The 3rd U.S. Circuit Court of Appeals today heard arguments on whether the NCAA's freshman eligibility standards discriminate against blacks.
The NCAA is appealing a lower court ruling made last March that found the association's standards violate the Title VI federal civil rights law because of their "unjustified" impact on blacks.
That ruling stemmed from a lawsuit filed by four black students who failed to achieve the minimum standardized-test score needed under NCAA rules, commonly known as Proposition 48, or in its latest revised form, Proposition 16.
A panel, composed of Judges Morton I. Greenberg, Theodore A. McKee and Walter K. Stapleton, heard testimony from both sides for 90 minutes in the closely watched case.
David P. Bruton, who represents the NCAA, told the judges that the case could be quickly resolved if they agreed with his "technical argument" that the NCAA is not subject to Title VI because the association does not receive federal funds.
He said that the association administers a fund, called the National Summer Youth Program Fund, which receives federal funds. But he said the NCAA dispenses the money to other programs and does not receive any of the federal funds.
"If [the] NCAA makes all the decisions on how the program runs, isn't it an NCAA program?" Stapleton asked.
No, Bruton argued, adding that the association "is not a direct recipient" of the federal funds.
But Andre L. Dennis, the lawyer for the plaintiffs, disagreed. Because the association controls the federal funds for the youth program, the NCAA is bound by federal law, Dennis said.
McKee wondered why the NCAA had not changed Prop 16 since "from your own material, there is an admission" the standards have "a disparate impact" on blacks.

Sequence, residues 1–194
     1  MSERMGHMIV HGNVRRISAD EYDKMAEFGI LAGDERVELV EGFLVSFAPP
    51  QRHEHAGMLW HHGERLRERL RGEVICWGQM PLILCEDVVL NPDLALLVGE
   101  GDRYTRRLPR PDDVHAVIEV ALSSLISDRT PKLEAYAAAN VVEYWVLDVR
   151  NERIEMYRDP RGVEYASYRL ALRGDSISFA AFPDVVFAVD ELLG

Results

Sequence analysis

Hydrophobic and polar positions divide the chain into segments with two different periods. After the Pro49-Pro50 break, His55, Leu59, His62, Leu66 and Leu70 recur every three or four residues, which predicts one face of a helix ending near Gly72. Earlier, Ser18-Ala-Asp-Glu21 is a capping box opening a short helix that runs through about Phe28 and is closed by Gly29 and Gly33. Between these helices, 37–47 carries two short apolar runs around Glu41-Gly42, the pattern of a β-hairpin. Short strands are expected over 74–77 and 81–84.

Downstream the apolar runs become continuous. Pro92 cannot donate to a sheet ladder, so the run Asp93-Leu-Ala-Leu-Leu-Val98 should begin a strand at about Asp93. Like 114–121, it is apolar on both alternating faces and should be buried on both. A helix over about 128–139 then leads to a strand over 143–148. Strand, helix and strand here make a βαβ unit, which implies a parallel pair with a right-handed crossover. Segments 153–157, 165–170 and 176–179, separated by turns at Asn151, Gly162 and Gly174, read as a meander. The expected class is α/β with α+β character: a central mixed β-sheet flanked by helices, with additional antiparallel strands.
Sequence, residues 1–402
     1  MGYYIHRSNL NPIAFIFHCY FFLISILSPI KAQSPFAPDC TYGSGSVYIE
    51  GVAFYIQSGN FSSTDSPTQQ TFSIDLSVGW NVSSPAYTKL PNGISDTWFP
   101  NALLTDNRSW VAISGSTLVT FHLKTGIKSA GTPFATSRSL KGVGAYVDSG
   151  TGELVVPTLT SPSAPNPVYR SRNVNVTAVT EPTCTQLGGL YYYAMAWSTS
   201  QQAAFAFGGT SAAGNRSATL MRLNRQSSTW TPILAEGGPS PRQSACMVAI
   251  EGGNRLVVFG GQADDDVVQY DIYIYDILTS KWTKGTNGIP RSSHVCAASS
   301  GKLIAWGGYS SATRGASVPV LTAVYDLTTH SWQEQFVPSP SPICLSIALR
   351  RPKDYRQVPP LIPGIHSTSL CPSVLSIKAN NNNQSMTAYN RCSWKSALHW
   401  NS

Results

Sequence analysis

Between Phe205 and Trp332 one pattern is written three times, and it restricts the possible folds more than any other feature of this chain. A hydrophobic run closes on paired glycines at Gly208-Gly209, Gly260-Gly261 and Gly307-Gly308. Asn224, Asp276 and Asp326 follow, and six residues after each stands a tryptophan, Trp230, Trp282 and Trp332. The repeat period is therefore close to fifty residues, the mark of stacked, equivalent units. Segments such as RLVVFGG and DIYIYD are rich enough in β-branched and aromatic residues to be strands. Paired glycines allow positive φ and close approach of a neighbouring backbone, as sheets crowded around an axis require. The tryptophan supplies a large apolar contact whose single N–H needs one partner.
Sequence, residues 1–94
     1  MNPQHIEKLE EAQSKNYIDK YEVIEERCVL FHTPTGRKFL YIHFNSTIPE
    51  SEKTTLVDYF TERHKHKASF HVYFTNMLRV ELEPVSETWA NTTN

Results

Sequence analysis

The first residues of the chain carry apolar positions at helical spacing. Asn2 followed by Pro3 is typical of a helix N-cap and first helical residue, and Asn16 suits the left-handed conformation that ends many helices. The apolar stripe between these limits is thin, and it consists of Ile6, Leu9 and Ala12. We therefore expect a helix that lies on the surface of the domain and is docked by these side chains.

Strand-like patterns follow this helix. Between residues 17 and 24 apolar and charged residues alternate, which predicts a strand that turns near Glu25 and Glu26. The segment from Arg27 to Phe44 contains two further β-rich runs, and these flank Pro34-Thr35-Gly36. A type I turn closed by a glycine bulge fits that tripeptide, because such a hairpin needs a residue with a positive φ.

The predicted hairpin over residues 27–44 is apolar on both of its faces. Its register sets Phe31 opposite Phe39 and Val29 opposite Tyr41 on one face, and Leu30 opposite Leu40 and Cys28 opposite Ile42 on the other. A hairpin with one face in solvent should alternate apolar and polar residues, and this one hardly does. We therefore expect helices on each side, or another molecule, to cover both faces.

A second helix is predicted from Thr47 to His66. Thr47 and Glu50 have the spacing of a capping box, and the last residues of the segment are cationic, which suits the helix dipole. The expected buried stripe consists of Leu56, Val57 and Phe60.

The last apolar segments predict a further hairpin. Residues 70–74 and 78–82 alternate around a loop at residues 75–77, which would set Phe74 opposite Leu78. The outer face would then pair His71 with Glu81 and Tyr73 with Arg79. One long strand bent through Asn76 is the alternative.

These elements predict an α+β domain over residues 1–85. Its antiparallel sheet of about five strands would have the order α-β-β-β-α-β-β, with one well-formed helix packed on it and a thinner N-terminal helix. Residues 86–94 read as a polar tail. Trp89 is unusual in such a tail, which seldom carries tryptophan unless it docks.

Bruton said the association had compiled 15 years of statistics related to the matter, but the NCAA "wanted to see more data before tinkering with Proposition 16."
In 1983, amid concerns that some athletes were unable to read, much less earn diplomas, the NCAA member schools adopted the freshman eligibility standards that became effective in 1986.
The NCAA required freshmen to have a high school diploma, a minimum standardized-test score and a minimum grade-point average in 13 core academic courses. The test score and GPA were based on an indexed, sliding scale. Students scoring less than 820 (out of a possible 1,600) on the Scholastic Assessment Test or 66 (out of 120) on the American College Test could not participate in sports as freshmen, regardless of their academic achievements.
Dennis told the judges that one of the flaws in Prop 16 is that the standards do not allow for the differences in college academic programs, where a student who meets the minimum standards may succeed in one college and not in another.